Once that’s done the app uses Bluetooth to automatically connect to the first Deco, set up the new network and then connect the second Deco router as well (which we placed in our back office where the Wi-Fi has always been a bit dodgy). The only real limitation here is that the app just sets up a single network that merges the 2.4GHz and 5.0GHz bands, so more experienced users might prefer a system that provides more in-depth control over the network settings.

The Deco Voice X20 provides good Wi-Fi performance too. Devices in the same room as the first router managed download speeds of 100Mbps with the Ookla speed test and 12.5MB/s for Steam. That’s pretty much what we’d expect with our 100Mbps broadband service, but the Deco system also proved rock-steady as we picked up our laptop and walked down the hall to that back office, not wavering for a second as it maintained the same 100Mbps and 12.5Mb speeds the whole time.

Screenshot of the music section in the Alexa app against a magenta background

(Image credit: Future)

Voice controls and music

We can’t fault the Wi-Fi performance of the Deco Voice, but the smart-speaker side of things is more of a mixed bag. The Deco app includes a ‘skill’ for the Amazon Alexa voice assistant that allows you to use voice commands to control both the router and its internal speaker. 

You could tell it to “turn off the guest network” or control some smart lights that are connected to the router - although the options for controlling smart devices in the app aren’t clearly explained, and TP-Link just seems to pass the buck to Alexa there.

The little 5W speaker inside the router isn’t particularly powerful, but the sound quality is fairly respectable and it’ll be fine for waking you up in the morning or singing along to a few tunes while you’re preparing Sunday lunch. 

However, the reliance on Alexa means that you can only stream music from services that are supported by Amazon’s Alexa app - which you have to download separately. 

On an iPhone, Alexa had Amazon Music already set up - no surprise there - and also allowed Apple Music, Spotify and Deezer to be added as well. However, there was no option for using a Tidal account, and no way to stream the 30GB library of music files that we have stored on an office laptop either.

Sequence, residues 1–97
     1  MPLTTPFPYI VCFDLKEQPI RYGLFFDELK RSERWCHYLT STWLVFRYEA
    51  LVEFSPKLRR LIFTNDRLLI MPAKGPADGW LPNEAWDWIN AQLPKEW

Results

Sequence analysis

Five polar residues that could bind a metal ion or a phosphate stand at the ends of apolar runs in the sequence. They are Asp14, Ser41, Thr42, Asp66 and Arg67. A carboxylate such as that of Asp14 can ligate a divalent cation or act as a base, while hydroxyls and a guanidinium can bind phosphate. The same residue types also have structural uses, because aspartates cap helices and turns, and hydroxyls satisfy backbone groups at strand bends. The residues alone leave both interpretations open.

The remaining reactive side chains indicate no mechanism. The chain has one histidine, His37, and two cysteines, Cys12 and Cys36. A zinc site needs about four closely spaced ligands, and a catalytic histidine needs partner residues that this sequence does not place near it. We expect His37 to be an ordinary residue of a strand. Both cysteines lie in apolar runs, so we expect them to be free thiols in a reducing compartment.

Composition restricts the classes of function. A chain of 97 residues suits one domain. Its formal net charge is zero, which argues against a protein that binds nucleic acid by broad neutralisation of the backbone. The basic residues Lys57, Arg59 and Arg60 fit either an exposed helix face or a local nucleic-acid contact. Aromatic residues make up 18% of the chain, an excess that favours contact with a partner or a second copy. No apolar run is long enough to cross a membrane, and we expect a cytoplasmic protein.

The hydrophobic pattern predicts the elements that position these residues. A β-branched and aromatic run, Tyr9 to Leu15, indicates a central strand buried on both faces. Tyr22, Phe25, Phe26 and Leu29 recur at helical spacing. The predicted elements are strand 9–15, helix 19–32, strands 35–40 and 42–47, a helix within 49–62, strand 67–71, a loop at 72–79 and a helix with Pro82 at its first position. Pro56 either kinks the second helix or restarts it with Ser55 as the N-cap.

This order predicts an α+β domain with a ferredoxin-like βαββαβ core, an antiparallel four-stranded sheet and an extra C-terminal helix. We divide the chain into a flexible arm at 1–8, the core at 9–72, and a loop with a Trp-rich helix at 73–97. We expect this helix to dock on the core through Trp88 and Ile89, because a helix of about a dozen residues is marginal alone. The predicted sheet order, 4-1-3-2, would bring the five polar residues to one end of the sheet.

To be fair, the emphasis with the Deco Voice is on using voice commands to control all your smart devices, but if you’re paying quite a lot extra for the built-in speaker then the speaker really should work with a wider range of music sources.

TP-Link Deco Voice X20 system on a dark wood table next to a white wall

(Image credit: Future)

Buy it if...

You’re a fan of Alexa
If you’ve already handed your all your privacy and personal data to Amazon and Alexa then using the Deco’s voice commands to control all the smart devices on your home network will be a nice bonus.

You’re a gadget geek
Wi-Fi 6 isn’t just about speed - it’s also more efficient when streaming data to lots of different devices all at the same time. In fact, TP-Link says that the Deco Voice can handle up to 150 devices on your home network.

You need parental controls
Even if you don’t want to pay extra for TP-Link’s HomeShield service, the Deco app still provides good parental controls to help keep your kids safe online.

Don't buy it if...

You want to shake your funky groove thing
The speaker in the Deco Voice doesn’t sound bad, but it’s not very powerful and can only be used with a handful of streaming services.

You’re on a budget
You really are paying a premium for the combination of the Deco router and a built-in speaker and microphone. There are many cheaper mesh routers available, including less expensive models in the Deco range.

You just want faster Wi-Fi
The Deco Voice only provides a top speed of 1.8Gbps. That’s really just entry-level for the new Wi-Fi 6 technology, so there are plenty of faster options available.


Cliff Joseph is a former Editor of MacUser magazine, and a freelance technology writer with 30 year’s experience in the industry (and old enough to remember when Apple was close to going bust…).

His first job involved using Macs for magazine sub-editing and typesetting, which led to the realisation that these computer-thingies might actually turn out to be useful after all. After a few years specialising in the Mac side of the market, he went freelance and embraced the wide world of digital technology, including Windows PCs, digital audio and hi-fi, and networking. Somewhere along the line he also developed a bit of a gaming habit and has stubbornly waved the flag for Mac gaming for far too many years.